People have argued for years about whether the bond market is a bubble waiting to burst or will continue to push rates down to historic lows. Regardless of prevailing opinion, though, many companies definitely believe that now's the time to sell bonds, as they rush to issue debt at amazingly low rates before they start to rise again.

Taking advantage of demand
It's amazing just how much things have changed in the past two years. During the fall of 2008, companies were completely unable to tap the credit markets at any price. With all the fears of defaulting companies, no one wanted to take on the risk of parting with their cold, hard cash. Even though the Federal Reserve pushed interest rates as low as they could go, it took a trillion-dollar stimulus package and other unprecedented government action to jump-start lending activity.

Now, though, the credit markets are flying high, and investors are in a frenzy to buy bonds. So far this year, billions of dollars have flowed out of stock mutual funds into bond funds, as steadily dropping yields have boosted bond fund performance while stocks continue to languish near the break-even point for 2010.

Smart companies understand that these trends run in cycles and that it pays to take advantage of good deals when you can get them. That's why corporate bond issuance has picked up substantially recently. For instance, here are some of the deals that have gone through so far this month:

  • Blue-chip issuers with extremely good credit are taking advantage of extraordinarily tight spreads over Treasury rates to reduce their borrowing costs. For instance, Johnson & Johnson (NYSE: JNJ) issued $1.1 billion in 10-year and 30-year bonds at spreads of 0.43 and 0.68 percentage points above comparable-length Treasuries. IBM (NYSE: IBM) took that a step further, issuing $1.5 billion in three-year debt at a cost of just 1%.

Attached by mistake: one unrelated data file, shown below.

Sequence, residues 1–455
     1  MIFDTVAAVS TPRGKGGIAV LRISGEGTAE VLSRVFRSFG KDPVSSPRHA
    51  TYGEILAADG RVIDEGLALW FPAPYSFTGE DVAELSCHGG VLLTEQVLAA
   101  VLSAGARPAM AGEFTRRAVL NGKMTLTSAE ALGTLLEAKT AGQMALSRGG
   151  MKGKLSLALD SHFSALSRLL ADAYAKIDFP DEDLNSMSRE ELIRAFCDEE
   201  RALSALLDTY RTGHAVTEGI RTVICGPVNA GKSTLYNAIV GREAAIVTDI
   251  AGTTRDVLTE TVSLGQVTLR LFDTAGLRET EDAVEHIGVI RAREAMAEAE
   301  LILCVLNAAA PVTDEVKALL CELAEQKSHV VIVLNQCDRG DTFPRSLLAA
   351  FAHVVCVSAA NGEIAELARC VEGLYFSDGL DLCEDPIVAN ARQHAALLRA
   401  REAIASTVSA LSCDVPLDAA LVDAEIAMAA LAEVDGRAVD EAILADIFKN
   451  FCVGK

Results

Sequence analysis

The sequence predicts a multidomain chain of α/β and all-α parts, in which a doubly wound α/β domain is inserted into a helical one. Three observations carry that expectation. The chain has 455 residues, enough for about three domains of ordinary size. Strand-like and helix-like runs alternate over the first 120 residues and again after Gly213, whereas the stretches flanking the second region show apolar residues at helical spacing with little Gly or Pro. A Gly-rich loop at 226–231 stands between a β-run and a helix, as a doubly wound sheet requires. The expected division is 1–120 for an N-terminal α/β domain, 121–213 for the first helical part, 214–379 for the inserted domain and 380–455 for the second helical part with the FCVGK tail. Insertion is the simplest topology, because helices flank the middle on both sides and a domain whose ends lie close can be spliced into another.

• Energy companies are using the opportunity in connection with costs and opportunities related to the Gulf oil spill. Anadarko Petroleum (NYSE: APC) issued $2 billion in seven-year bonds at 6.38% to help finance liability from the spill. Apache (NYSE: APA), meanwhile, needed money to buy assets from BP, so it sold $1.5 billion in 30-year bonds at a cost of just 5.17%; investors bid $5 billion in orders for the offering.
  • Even battered financials are finding buyers in the bond market. Bank of America (NYSE: BAC) and HSBC (NYSE: HBC) made billion-dollar offerings of debt at between 2.25 and 2.3 percentage points above Treasuries. Ratings agency Moody's (NYSE: MCO) sold $500 million in 10-year bonds at a 3-percentage-point premium to Treasuries, yielding 5.58%.

Details aside, the key is that across the economy, many corporate borrowers are cashing in on the bond market's surge. That raises a big question for the investors who are buying that debt: if companies are so eager to issue new bonds, should you be just as eager to buy them?

The other side of the story
Some believe that these debt-issuing companies are swimming against a bigger trend. According to a B of A/Merrill Lynch analyst, even though Treasury debt will expand by $1.2 trillion in 2010, net supplies of corporate, mortgage, and consumer debt may well shrink by an even greater amount, $1.3 trillion. If that's right, then companies could well have even better opportunities to tap a supply-starved market.

But over the long haul, it won't make a huge difference for issuers whether they hit the absolute bottom in terms of borrowing costs. It's clear that many companies are just happy that the credit markets are functioning again and that they can get the money they need.

The lesson for you to take from this is that there are always two sides to every investment you make. Even when emotions run wild and everyone's flocking to a particular stock or other investment, you'll always find someone willing to sell. Stop and ask yourself why companies are selling debt into the bond market's big rally, and the answers may convince you that bonds are far riskier than most are giving them credit for.

Who'll be next to cash in on the bond market bubble? Russ Krull looks at a bond bonanza for these stocks.

This article represents the opinion of the writer, who may disagree with the “official” recommendation position of a Motley Fool premium advisory service. We’re motley! Questioning an investing thesis -- even one of our own -- helps us all think critically about investing and make decisions that help us become smarter, happier, and richer.